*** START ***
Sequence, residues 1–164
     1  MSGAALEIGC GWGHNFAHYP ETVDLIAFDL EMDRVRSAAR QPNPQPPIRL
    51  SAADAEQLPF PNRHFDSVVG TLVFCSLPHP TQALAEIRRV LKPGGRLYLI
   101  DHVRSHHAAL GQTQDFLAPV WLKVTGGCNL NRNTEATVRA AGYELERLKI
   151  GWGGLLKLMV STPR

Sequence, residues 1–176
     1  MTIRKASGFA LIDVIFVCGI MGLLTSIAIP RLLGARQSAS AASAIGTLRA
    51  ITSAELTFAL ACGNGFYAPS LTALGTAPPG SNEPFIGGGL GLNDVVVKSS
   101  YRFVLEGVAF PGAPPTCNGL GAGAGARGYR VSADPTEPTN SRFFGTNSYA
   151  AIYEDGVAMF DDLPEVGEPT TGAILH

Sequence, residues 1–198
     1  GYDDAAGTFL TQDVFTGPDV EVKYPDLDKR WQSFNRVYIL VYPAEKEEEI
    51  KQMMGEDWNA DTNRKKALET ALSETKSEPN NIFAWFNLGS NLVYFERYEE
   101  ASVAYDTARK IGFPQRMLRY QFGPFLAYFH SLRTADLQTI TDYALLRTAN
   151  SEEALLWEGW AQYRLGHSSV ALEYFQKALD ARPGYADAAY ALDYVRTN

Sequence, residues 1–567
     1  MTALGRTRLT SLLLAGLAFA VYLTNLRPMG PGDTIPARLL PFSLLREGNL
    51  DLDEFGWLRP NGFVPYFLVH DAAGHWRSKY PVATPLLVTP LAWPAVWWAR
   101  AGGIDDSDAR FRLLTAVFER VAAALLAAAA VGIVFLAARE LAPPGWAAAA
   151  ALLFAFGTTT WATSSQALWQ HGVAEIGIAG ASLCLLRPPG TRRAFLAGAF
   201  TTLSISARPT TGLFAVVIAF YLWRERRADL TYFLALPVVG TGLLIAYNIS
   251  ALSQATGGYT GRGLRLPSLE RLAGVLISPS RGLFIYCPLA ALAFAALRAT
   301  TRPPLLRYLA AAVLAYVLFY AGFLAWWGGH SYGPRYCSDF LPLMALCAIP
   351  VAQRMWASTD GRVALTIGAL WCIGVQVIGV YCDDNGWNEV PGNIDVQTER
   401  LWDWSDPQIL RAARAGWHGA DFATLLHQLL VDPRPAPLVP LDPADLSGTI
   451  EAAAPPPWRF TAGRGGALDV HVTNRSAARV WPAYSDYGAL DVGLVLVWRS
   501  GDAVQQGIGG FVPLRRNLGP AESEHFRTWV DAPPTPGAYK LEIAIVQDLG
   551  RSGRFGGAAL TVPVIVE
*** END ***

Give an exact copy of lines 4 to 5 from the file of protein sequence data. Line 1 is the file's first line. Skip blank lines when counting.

   101  DHVRSHHAAL GQTQDFLAPV WLKVTGGCNL NRNTEATVRA AGYELERLKI
   151  GWGGLLKLMV STPR